Starting an AngularJs 1.5 SPA with Yeoman

This Tutorial is specially designed for developers to create a new SPA Project with Angular 1.5 as quickly and efficiently as possible. We will be using Yeoman with Gulp and Bower to give us a good head start.

Prerequisites

The following tools and frameworks will be used during this tutorial:

Npmhttps://nodejs.org/en/
npm is the package manager for JavaScript. Find, share, and reuse packages of code from hundreds of thousands of developers. Npm comes with the NodeJs installation.

Git for Windowshttps://git-scm.com/
Git is a free and open source distributed version control system designed to handle everything from small to very large projects with speed and efficiency.

1 Getting started

We’ll start with installing Yeoman (handles scaffolding of the application), Gulp (takes care of the build process) and Bower (manages the application’s dependencies). We will use Npm to do this, run the following command in a terminal:

$ npm install -g yo gulp bower

We will use Npm also to install the Yeoman generator:

$ npm install -g generator-gulp-angular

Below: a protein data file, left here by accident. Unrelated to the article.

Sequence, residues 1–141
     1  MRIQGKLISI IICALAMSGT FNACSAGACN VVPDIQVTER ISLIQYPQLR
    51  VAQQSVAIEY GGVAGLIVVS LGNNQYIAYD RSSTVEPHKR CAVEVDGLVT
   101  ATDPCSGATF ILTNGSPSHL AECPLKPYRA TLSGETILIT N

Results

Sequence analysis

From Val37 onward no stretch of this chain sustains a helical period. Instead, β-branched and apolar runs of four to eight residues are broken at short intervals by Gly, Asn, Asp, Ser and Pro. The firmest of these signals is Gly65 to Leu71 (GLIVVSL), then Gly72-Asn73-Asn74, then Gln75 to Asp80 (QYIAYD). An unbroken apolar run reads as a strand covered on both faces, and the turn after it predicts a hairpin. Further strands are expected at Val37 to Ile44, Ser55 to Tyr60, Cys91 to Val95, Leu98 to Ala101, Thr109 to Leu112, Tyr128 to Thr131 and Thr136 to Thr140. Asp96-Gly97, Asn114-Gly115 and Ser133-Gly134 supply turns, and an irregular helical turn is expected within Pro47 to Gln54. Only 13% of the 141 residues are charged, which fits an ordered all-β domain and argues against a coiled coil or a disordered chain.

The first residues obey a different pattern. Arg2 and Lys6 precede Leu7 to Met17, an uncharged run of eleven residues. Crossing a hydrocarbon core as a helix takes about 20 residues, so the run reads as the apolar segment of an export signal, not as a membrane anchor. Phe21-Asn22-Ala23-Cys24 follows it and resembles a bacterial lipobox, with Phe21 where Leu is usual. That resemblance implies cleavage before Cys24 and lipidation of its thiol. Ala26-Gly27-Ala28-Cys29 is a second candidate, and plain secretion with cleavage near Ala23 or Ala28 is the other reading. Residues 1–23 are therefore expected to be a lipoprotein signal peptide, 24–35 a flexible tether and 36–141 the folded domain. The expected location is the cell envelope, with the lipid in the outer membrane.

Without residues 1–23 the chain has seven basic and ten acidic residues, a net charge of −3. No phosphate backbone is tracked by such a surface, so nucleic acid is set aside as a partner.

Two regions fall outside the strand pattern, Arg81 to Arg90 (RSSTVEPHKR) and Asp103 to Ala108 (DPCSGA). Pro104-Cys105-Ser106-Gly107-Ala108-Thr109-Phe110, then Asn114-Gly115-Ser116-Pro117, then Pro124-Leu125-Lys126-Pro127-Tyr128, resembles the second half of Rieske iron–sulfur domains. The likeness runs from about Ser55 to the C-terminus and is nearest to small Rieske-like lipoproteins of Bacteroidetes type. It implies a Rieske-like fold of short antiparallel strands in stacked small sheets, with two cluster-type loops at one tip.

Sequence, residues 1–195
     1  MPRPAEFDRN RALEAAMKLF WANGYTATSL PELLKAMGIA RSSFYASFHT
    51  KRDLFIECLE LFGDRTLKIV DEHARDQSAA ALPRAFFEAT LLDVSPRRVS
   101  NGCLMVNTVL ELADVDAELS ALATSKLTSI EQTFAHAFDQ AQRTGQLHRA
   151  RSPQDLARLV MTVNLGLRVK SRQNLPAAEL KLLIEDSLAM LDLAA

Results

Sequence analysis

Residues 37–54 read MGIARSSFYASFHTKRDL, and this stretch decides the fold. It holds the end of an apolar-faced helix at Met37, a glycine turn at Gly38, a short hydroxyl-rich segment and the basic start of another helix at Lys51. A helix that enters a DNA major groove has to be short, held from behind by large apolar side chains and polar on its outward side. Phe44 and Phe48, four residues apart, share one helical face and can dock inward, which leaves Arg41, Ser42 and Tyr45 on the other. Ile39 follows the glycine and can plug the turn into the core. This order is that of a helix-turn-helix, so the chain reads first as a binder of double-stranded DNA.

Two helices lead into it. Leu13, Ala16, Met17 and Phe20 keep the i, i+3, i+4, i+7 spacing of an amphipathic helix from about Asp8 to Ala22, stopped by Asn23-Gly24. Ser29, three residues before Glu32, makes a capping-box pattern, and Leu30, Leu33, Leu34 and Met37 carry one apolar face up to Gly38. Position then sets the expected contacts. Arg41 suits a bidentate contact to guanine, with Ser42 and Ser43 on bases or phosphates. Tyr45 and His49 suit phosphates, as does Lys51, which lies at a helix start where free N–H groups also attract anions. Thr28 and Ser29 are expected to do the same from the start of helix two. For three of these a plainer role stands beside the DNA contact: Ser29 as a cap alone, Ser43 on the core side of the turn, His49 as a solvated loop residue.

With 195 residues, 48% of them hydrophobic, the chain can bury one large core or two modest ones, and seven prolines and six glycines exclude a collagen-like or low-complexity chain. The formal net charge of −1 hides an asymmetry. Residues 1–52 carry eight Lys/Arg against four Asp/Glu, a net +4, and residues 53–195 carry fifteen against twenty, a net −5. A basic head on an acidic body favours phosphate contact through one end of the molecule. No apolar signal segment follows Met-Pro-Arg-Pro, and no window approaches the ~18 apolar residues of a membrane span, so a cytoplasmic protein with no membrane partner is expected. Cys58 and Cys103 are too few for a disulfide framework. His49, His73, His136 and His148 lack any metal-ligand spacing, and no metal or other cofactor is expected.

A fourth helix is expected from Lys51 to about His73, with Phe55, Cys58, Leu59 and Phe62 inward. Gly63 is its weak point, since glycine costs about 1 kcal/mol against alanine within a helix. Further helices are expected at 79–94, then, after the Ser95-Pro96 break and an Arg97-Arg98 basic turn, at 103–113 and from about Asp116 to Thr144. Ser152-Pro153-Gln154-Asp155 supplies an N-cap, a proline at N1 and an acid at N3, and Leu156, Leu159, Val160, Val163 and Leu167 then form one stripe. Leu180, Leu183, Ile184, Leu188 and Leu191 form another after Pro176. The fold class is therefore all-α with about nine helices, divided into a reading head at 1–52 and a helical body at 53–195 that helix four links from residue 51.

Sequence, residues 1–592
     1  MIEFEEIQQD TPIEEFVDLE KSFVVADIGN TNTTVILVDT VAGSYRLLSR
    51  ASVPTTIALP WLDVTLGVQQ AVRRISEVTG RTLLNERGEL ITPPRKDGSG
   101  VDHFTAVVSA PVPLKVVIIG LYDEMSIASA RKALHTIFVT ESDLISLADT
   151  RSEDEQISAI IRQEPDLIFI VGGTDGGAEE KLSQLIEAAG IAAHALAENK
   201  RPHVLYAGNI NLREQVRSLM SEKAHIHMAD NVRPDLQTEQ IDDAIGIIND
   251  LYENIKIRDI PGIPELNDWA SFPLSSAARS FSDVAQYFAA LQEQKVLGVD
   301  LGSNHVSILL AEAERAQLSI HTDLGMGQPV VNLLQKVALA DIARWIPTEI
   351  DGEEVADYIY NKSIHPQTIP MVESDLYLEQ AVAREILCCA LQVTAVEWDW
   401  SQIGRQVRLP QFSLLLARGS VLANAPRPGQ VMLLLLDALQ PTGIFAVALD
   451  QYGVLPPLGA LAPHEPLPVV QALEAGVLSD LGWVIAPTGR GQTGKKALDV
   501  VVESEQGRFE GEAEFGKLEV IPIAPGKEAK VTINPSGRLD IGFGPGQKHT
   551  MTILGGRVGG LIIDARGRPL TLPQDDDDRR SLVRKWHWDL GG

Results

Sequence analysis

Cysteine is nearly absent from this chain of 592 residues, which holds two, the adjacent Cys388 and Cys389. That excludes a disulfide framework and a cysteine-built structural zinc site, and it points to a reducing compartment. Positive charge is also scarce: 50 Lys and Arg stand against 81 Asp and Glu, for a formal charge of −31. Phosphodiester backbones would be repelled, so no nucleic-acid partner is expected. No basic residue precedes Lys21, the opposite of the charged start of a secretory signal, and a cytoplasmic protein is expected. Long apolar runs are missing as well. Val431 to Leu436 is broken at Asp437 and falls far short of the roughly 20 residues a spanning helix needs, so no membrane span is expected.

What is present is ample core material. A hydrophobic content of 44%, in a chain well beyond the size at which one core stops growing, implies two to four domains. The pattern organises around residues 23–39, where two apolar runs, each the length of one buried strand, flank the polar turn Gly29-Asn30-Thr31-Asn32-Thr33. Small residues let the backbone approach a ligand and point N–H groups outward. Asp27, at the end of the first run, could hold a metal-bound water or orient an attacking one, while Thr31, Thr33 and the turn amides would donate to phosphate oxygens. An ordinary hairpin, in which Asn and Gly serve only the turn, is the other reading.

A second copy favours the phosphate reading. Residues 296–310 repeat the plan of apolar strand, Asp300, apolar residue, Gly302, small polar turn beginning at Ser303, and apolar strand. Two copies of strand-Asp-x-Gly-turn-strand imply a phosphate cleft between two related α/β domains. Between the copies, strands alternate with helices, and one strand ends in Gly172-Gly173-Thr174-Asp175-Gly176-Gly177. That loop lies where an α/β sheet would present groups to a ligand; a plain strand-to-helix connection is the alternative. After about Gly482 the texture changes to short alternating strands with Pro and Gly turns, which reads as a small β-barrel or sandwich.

2 Generating an application

Now we have installed all the powerful tools and the generator template that we need, we can start with generating our application. First we need a fresh project directory of you choice and run the following magic command:

yo gulp-angular [app-name]

The generator will ask you a couple of questions, you’re free to take what you want.

CHOOSING YOUR REST-RESOURCE

$http – This is the easy and straightforward route. $http is pretty much what you’d expect it to be and since it’s so raw it means that you’ll probably write more code than you will with the alternatives but have the most flexibility and control.

ngResource – ngResource is Angular’s attempt at supplying a higher level of abstraction over $http. It used to be built in and has been separated to an external dependency. It basically supplies you with a relatively easy way to create objects that perform the different CRUD requests transparently. ( Isn’t a real player here.)

Restangular – Restangular is a perfect option for complex operations. It lets you easily attach custom behaviors and interact with your data. It’s promise-based, clean, and feature-rich. However, it might be overkill if your needs are basic

I have chosen the following options for this tutorial:

Sit back and watch yeoman do its magic. It will create your files and folders, then it will run bower install (more on this in a moment) and npm install to fetch any dependencies.

After all the magic is done, you should have the following structure:

src/app/ directory
The app directory contains your static app. It has your html, css and javascript in it and it’s where you’ll spend most of your time developing.

package.json
The package.json file helps npm to identify our project as well as to manage all of it’s dependencies. It can also contain all sorts of other meta-data relevant to your project.

Gulpfile.js